I was first exposed to Amy Tan when I was a child and the movie “The Joy Luck Club” made its repeated runs on HBO. I found it fascinating from a cinematic point of view, and loved it so much to the point I asked for the DVD some Christmas. But even though I knew it was based off a book, I never got around to reading it until I needed to write a book report in high school and it was on the list of “acceptable materials”. I’ve since bought my own copy and re-read it every couple of years.
“The Joy Luck Club” is both Amy Tan’s debut work and her best. In it are seven narrators depicting the lives of eight people (one of the older women, Suyuan, is deceased at the time of the overarching story and her daughter June tells her story instead.) Four of them, Suyuan, An-Mei, Ying Ying, and Lindo, are immigrants from various parts of China, and the other four, June, Rose, Lena, and Waverly, (respectively) are their American born and raised daughters. Each tells their own story in first person (aside from Suyuan who is deceased) in a total of two chapters each across four parts.
While it’s not the longest read, it’s a heavy one. The “mothers” (collectively called so in this review) have each been through their own personal hells both in China and America, with varying triumphs mixed in (such as out-witting bad families, enduring abandonment and physical/emotional abuse, losing family members, for vague examples). Throughout their horrors, struggles, and eventual triumphs in a land not kind to the status of women and young girls, the mothers all agree that their daughters will have an easier life in America. But what they discover is that their daughters have become more American than Chinese, and they fear that they won’t be able to convey their “hopes and dreams” to the daughters who have different ideas and sensibilities from their own.
Meanwhile, the daughters all tend to agree that their “overbearing” Chinese mothers have each made their lives/childhoods hell in some way shape or form, either from pushing them too hard, to seemingly not understanding what they want, to feeling that they constantly put them down. From the reader’s perspective we’re able to see things from both sides, but of course, the characters cannot.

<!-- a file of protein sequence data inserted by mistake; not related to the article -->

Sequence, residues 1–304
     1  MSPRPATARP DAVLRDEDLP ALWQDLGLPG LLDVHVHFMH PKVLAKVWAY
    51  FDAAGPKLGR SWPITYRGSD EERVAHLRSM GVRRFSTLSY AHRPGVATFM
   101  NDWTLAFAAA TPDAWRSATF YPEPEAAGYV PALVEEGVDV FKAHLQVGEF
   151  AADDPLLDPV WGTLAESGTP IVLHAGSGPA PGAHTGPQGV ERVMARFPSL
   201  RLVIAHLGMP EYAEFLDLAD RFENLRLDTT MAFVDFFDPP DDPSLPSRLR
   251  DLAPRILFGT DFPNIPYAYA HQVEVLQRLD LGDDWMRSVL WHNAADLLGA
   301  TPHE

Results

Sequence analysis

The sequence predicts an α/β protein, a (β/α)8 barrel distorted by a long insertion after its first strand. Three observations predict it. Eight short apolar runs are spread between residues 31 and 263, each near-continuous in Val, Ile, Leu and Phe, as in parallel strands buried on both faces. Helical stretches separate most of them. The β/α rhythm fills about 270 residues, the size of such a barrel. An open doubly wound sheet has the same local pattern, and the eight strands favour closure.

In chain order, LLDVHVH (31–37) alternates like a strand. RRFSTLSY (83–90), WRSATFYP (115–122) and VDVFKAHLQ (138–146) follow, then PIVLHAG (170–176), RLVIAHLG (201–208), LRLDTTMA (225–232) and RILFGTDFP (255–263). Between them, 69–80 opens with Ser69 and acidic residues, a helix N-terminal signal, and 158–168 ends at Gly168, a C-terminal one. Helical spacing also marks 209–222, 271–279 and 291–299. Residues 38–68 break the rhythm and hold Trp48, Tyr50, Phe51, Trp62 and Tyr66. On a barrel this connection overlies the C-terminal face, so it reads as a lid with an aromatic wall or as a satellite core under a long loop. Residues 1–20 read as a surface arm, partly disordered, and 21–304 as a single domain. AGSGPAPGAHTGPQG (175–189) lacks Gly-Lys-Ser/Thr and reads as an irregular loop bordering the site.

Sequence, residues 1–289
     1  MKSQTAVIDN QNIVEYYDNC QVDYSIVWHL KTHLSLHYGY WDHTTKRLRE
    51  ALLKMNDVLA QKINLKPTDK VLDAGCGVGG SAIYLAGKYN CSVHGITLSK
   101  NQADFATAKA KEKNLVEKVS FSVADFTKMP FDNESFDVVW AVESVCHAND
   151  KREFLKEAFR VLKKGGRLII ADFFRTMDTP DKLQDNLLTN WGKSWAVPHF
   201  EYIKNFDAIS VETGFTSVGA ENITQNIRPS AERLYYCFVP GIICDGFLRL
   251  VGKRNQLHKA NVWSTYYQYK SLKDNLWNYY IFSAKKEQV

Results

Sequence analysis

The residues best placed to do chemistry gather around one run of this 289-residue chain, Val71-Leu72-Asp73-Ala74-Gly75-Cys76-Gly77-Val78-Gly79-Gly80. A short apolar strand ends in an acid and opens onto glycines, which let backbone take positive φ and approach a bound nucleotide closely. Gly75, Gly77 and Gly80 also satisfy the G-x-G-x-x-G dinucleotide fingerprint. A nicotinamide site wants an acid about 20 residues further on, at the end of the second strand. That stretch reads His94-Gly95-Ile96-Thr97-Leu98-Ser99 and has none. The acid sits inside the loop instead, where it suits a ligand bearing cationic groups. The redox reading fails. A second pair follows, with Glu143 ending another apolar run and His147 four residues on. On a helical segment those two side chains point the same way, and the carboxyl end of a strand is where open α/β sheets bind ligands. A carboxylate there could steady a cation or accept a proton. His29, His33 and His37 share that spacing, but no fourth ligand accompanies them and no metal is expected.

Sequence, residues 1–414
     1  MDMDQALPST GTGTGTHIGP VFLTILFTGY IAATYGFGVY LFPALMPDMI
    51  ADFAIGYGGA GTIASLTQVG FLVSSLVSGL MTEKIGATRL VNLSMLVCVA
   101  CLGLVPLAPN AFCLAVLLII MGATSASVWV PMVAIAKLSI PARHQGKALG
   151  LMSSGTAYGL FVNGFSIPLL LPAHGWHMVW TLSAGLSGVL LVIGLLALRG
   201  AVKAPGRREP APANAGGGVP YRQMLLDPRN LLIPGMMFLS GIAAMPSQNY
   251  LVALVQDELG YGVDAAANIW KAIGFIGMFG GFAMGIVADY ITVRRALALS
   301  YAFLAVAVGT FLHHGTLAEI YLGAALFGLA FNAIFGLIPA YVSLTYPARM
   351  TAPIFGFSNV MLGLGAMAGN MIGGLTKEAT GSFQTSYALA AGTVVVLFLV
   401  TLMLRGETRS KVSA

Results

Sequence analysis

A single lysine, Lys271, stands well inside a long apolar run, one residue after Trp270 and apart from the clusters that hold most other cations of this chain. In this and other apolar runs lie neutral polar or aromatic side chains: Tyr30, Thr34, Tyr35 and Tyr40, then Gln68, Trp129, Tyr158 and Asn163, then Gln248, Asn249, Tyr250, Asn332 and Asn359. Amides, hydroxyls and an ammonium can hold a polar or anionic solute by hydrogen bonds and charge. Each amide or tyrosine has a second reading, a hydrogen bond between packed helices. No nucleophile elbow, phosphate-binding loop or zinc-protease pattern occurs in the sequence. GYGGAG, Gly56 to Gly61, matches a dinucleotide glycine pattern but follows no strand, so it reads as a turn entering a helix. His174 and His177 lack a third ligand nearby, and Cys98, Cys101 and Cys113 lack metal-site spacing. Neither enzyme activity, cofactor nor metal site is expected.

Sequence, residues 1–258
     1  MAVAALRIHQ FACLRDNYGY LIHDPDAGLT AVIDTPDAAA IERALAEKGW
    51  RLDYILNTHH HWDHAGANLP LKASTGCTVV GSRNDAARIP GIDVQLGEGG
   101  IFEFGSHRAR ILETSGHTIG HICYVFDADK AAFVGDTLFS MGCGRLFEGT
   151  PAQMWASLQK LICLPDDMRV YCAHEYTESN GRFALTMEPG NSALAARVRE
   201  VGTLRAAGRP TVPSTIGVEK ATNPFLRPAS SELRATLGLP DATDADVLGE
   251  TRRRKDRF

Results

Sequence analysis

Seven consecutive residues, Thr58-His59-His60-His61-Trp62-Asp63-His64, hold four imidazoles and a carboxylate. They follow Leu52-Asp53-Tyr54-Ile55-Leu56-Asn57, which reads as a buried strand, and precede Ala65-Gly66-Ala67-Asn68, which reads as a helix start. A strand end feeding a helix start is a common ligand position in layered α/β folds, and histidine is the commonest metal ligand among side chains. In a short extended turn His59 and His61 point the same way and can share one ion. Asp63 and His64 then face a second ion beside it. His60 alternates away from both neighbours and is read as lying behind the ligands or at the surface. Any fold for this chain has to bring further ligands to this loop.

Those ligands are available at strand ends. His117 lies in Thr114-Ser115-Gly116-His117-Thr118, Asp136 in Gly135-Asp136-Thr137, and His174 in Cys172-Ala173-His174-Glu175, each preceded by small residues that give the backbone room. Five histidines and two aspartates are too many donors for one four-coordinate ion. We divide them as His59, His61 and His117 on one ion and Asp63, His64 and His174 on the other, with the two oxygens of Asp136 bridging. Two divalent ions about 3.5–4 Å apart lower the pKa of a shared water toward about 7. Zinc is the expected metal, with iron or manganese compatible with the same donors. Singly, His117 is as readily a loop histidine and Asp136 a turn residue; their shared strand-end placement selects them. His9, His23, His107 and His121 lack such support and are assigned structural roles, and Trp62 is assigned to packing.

Amy Tan paints a beautiful picture of the lives these women live, and the relationships between them. From the rivalry between Lindo and Suyuan that extends to their daughters Waverly and June, from the “ghosts” of Ying Ying and her daughter Lena, and to the leaps of faith between An-Mei and Rose, it’s easy and clear to see why Amy Tan is lauded for her depictions of mother-daughter relationships. And as someone who has a loving and strong relationship with her own mother who has had her own hardships in the past, it’s near impossible to read any of these relationships without self-reflection.
Of course, there are differences between the book and the movie, but they are mostly negligible. The movie largely cuts out Ying Ying’s first chapter during her childhood and jumps right into the dirty business of young adulthood; the movie conveniently leaves out An-Mei’s half-dozen other children and what happens with them. But for the most part it’s true to the source and can be enjoyed on its own with a great cast backing great characters. (And the clothes are so hilariously 80s.)
I tend to use TJLC as a barometer for people I know – if you’ve read it and felt absolutely -nothing-, then odds are we are not going to get along. It’s an amazing book that’s going to be one of my personal classics probably for the rest of my life, and I can only aspire to write as honestly as Amy Tan does.